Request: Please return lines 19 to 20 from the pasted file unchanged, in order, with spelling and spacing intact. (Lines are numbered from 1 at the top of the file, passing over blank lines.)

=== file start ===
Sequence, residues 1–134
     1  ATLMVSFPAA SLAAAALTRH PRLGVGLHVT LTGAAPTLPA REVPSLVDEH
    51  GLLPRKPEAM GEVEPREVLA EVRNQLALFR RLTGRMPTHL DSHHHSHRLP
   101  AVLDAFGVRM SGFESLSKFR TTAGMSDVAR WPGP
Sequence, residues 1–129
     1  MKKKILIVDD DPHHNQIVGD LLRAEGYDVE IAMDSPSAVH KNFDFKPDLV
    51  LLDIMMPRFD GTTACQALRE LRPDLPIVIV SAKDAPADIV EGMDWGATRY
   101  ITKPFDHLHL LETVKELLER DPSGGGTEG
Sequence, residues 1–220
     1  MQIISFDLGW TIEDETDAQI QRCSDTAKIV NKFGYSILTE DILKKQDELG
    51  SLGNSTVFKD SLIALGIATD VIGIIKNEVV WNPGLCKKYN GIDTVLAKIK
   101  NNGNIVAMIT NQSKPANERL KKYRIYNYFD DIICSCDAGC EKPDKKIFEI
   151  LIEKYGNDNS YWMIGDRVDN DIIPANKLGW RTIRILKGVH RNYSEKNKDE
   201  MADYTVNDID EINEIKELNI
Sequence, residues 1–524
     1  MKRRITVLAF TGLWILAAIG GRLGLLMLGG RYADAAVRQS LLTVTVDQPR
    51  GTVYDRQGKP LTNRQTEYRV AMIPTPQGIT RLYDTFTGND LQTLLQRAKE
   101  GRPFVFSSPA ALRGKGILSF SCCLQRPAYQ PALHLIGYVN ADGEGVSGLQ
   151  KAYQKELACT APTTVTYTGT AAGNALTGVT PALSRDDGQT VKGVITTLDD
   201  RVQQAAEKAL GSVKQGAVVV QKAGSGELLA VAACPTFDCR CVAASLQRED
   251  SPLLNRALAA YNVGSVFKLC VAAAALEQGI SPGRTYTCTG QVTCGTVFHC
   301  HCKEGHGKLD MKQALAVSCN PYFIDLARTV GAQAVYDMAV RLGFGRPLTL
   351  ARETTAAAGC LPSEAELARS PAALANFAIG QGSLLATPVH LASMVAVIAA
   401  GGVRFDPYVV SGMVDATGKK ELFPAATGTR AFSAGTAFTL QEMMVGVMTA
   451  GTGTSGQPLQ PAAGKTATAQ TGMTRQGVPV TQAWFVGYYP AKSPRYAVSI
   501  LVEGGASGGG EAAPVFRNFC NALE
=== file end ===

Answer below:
   151  KAYQKELACT APTTVTYTGT AAGNALTGVT PALSRDDGQT VKGVITTLDD
   201  RVQQAAEKAL GSVKQGAVVV QKAGSGELLA VAACPTFDCR CVAASLQRED